5. Be prepared for what comes next.

This goes back to having realistic expectations in that it’s not enough for a freelancer to put fresh content on your blog. If you want results, you have to go beyond that. You can have the best content in the world, but it won’t help you if you don’t get eyes on it.

So before bringing a freelance blogger onto your team, have a promotional plan in place and know that you’ll have to market your blog content if you actually want your money’s worth. Some bloggers will offer to promote content for you. But unless they’re a true marketing expert, you might be better off having an in-house marketing team member handle it or working with a freelance marketer to tackle the promotional side of things. An expert blogger could be an amateur marketer. And that combination isn’t going to do you any favors.

Keeping these five things in mind can help you and your freelance blogger work better together and help you get what you really want out of your company’s blog.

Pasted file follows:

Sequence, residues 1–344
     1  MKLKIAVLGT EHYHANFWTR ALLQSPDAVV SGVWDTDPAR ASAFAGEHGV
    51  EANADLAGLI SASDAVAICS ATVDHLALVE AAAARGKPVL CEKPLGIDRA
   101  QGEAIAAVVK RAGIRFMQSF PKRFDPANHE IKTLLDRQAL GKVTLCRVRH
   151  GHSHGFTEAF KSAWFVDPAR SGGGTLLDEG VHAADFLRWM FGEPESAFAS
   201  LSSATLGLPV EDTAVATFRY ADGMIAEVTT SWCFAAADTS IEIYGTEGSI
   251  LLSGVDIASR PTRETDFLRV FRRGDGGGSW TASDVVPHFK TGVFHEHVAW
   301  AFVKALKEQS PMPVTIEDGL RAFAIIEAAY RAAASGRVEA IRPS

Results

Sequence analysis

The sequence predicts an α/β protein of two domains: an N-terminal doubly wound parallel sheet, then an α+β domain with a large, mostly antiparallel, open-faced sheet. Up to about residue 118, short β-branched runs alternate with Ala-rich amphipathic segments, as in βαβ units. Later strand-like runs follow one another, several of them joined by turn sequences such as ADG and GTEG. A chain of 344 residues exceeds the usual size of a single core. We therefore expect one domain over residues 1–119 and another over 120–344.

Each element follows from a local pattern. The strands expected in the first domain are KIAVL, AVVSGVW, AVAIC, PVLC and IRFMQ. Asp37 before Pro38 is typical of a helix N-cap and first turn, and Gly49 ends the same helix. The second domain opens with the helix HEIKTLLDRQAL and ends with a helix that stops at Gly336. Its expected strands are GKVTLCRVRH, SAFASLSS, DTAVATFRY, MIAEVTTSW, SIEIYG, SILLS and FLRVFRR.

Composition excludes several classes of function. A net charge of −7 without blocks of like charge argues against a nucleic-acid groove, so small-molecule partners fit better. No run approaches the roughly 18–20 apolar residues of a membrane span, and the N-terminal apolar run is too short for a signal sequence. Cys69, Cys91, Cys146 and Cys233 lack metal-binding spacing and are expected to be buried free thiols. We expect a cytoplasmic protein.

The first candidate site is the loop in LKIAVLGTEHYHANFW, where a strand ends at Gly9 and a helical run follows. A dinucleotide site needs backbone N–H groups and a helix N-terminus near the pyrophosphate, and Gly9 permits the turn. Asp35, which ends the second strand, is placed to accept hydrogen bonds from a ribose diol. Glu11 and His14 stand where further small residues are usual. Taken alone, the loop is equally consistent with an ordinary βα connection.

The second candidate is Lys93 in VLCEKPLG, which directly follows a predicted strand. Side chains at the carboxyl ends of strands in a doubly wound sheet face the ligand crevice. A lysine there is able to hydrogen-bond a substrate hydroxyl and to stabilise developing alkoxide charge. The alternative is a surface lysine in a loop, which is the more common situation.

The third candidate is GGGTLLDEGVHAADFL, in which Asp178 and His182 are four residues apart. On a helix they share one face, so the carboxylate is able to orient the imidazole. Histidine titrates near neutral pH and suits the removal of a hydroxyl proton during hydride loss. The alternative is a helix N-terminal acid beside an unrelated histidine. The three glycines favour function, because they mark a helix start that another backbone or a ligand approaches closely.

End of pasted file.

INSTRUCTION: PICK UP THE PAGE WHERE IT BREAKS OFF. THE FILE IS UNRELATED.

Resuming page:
Need help crafting a content strategy or creating content for your business blog? Get in touch today for a quote.

Jennifer Mattern
Jennifer Mattern is a freelance blogger and business writer specializing in helping small businesses and independent and creative professionals. In addition to writing for others for 19 years and having 16 years experience in PR and online marketing, Jenn has been blogging for 14 years and runs several blogs of her own includingAll Freelance Writing, NakedPR, and Kiss My Biz.